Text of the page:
Will the BoJ Increase QE In Two Weeks? Doesn't Matter.

FX:USDJPY   U.S. Dollar / Japanese Yen
With markets on edge and Japanese inflation data this week, those short the yen are hoping the Bank of Japan Governor, Haruhiko "Kamikaze" Kuroda, will further increase the balance sheet through more quantitative easing. Because when everything else fails, he'll try to go all in.

Or will he? Essentially, his brilliant idea to implement negative rates, or NIRP, was seen as a policy error even quicker than the Fed's first rate hike in seven years. Economists, bulls and bears alike, said that NIRP would do absolutely nothing for the Japanese economy. But, Kuroda didn't go from no NIRP to NIRP in a week's time to strengthen the economy. It was to deter yen strength and perk up hemorrhaging risk assets, which failed miserably.

If inflation data comes in soft, we are likely to hear the threat of quantitative easing but it is unlikely that the BoJ can match the most bang for the yen traders saw when this whole quasi-policy began. Analysts expect that Kuroda may increase the level of exchange-traded funds, a market where the BoJ already owns 52 percent, since there is virtually no more debt to purchase do to existing quantitative easing measures.

It's possible, but does not matter in the end. The global marco downturn is in the drivers seat, and a single central bank cannot change that, especially when $12.3 trillion in QE and 600-plus rate cuts since the financial crisis have barely kept the global economy spuddering along.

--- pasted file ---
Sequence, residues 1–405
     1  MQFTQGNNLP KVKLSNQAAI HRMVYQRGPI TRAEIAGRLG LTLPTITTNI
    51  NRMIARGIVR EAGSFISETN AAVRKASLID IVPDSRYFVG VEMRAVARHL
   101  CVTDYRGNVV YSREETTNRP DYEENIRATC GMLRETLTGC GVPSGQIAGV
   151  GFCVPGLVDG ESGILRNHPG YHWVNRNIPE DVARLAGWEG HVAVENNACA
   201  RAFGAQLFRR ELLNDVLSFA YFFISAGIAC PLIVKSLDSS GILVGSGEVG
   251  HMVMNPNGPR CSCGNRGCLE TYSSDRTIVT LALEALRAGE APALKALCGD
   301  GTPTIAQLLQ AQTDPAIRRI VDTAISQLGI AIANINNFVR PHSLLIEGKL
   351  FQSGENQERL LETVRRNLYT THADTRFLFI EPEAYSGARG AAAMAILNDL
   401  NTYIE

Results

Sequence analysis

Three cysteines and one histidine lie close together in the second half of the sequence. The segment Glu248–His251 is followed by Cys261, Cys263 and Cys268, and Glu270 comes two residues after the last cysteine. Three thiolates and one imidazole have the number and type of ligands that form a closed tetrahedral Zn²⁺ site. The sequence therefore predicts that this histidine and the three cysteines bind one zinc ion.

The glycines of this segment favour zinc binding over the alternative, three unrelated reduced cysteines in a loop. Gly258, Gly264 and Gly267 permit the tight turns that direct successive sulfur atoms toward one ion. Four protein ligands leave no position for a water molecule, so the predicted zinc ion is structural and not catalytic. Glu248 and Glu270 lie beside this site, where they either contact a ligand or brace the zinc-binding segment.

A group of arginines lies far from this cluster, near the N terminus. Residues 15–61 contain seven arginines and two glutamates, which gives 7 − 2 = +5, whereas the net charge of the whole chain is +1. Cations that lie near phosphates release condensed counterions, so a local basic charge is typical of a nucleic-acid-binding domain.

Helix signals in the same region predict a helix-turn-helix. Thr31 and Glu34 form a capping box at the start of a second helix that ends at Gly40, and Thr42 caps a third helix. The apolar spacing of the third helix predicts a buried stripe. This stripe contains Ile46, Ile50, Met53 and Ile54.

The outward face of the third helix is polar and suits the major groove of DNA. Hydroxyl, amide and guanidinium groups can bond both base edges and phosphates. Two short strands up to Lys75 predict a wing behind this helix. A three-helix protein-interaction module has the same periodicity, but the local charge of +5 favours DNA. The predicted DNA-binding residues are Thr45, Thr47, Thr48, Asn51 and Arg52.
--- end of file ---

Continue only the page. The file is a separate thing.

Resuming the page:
With global trade continuing to collapse, the weak yen facade is crumbling. January's exports fell a whopping 12.9 percent and imports dropping 18 percent. GDP contracted 1.5 percent in 2015 on an annual basis, and Japan has seen three recessions since PM Shinzo Abe took over in 2012.

External debt and the BoJ balance sheet hit all-time highs (unlike the Nikkei).

Those nickel-and-diming headlines - be careful. As we've seen in February alone, the actions of the BoJ erased nearly eight months of gains.

Do macro, or macro will do you HARD.

I reiterate a target of 110 by Q3 and 105 by early-2017. That will likely be for starters if the US falls into recession, as forecasted. Potential pullbacks to 114.55 and 116 on central bank induced risk taking probable.

The problem with this crusade for inflation , and this goes for all central banks, by reckless measures is fiscal calamity will arise when inflation takes hold. Rates will have to increase, and debt will not be payable.

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